I measure money in terms of my pro-rata’d hourly salary. “I had to work for X hours to afford this” really does put things into contrast.

@guest:
Thanks for sourcing that to Dirksen and telling me that it’s apocryphal. I’ll take it up with my father.

guest
guest
3 years ago

@EJ I didn’t know about the ‘allegedly’ part until I looked it up.

PeeVee the (Noice) Sarcastic
PeeVee the (Noice) Sarcastic
3 years ago

Everette Dirkson was a pretty colorful character.

numerobis
numerobis
3 years ago

We really only think about discretionary spending on a daily basis.

Discretionary spending is roughly a third of your income if you’re middle-class US and not saving much (i.e. most of the country). So to understand salary-sized amounts for a day, you need to multiply what you normally think of as a big expense and triple it. Double it again because there’s overhead (managers and cleaning staff and administrators and accountants and lawyers and HR and IT and…) Now you have an amount that is going to pay one worker for one day.

On a daily basis happens thirty times in a month. So you take the number previously calculated and multiply by 30, and now you have the cost to pay one worker for one month.

When you’re building a train station, that construction project will employ hundreds of people. So multiply by say 300, and you have the cost to pay workers to work on the train station for one month.

But it’ll take a year to build once you break ground. So multiply by twelve again to get the labour cost of the train station.

Oh but you need to buy construction materials and you need to buy or rent tools and machines, so double it.

OK, now you have the cost from breaking ground to finishing the construction: 2 * 12 * 300 * 30 * 2 * 3 = 1,296,000 times as much as what you normally think of as a kind of expensive thing to buy.

You thought $40 was a purchase to have a decent think about before jumping on it. The train station is $50M. That’s *actually fair*, and is just because so many middle-income people are involved.

That said, some individuals make completely unfathomable incomes. I was able to not work for three years — and in fact to fund some employees for a year — on account of 6 years of savings, and still be comfortable. I think that’s at the upper limit of what any society should allow an individual to amass; ideally it would allow the result to happen *without* letting an individual amass that sum. And I’m far from what actually rich people build up.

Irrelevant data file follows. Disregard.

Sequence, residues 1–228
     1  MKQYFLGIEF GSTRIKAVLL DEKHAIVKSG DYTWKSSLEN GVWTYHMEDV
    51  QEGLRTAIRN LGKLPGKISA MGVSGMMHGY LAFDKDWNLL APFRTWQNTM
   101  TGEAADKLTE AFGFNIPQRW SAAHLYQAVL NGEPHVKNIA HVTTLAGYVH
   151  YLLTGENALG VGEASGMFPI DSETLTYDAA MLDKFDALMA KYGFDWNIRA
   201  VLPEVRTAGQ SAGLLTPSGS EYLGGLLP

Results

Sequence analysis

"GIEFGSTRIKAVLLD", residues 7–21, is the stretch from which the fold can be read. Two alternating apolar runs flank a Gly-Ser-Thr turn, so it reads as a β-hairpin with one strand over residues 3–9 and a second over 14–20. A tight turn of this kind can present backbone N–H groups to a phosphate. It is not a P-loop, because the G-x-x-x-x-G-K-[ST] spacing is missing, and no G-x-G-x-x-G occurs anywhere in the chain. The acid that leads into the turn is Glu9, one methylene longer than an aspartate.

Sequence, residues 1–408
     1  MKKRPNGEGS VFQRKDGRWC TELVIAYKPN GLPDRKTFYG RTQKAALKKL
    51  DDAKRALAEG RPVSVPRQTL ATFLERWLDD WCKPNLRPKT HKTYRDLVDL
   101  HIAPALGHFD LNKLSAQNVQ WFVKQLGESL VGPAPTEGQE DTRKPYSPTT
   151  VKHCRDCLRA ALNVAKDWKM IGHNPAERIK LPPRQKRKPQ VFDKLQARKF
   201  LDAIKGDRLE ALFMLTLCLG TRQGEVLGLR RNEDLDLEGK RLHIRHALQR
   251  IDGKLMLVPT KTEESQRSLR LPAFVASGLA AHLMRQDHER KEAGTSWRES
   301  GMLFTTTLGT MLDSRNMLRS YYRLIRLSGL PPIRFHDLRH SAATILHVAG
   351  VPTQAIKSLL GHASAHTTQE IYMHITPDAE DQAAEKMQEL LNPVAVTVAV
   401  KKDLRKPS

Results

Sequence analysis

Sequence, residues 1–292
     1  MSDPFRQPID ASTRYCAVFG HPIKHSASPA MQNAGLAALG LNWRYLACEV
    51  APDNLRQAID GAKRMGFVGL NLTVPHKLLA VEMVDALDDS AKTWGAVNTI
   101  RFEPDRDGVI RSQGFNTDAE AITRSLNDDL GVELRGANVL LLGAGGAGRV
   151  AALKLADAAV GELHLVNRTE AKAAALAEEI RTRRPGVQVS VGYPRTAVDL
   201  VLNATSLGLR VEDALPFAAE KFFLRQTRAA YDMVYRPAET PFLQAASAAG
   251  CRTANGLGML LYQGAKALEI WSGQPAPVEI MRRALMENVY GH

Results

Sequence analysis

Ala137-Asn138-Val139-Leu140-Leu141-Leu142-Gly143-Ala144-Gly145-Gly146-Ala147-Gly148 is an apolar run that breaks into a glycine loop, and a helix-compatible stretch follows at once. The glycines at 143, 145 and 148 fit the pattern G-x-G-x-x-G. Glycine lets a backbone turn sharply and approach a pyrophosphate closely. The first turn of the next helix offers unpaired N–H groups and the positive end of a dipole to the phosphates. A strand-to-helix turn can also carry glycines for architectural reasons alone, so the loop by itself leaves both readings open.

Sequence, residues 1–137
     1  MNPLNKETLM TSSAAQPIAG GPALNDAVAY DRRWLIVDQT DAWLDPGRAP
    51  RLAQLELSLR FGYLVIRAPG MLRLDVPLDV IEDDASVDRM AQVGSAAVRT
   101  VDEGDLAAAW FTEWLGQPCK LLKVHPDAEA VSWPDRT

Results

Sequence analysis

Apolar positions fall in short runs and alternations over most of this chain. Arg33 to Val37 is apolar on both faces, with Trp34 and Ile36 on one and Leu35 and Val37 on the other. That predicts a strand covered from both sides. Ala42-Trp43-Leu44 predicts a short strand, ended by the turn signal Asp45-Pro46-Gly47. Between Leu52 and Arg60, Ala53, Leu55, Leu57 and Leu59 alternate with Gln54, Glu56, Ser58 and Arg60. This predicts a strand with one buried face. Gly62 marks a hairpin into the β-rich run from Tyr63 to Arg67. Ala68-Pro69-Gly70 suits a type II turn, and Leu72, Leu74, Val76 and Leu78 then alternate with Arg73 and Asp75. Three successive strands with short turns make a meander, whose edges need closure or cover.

Dalillama: Shepherd of Demonic Crocodiles.
Dalillama: Shepherd of Demonic Crocodiles.
3 years ago

@numerous

Discretionary spending is roughly a third of your income if you’re middle-class US and not saving much (i.e. most of the country).

Not even close to a majority of the U.S. has 1/3 of their money as discretionary income. This is one of the big problems I. our economy in fact.

BringTheNoise
BringTheNoise
3 years ago

@Kitty Cartel

I just couldn’t fathom the amount of money they got every year for playing a sport. And I love sports! But there could be actual good done with that money instead of giving it all to one person. The same goes for anyone making that kind of cash, it just usually isn’t published like sports stars.

I agree in principle, but in reality if the actual athletes weren’t paid that money, it wouldn’t go to do any good for anyone, it would just add some extra zeroes onto the (probably offshore and untaxed) bank accounts of the teams’ owners.

Mattie
Mattie
3 years ago

@Eddie, I’d love to agree with that, but I think his supporters will just find some way to blame Democrats, immigrants, LGBT+ people, Muslims, and God knows who else for any lack of progress under Trump.

Even when you give these people facts, they assume everything is biased unless it tells them what they want to hear. They’re deep in denial.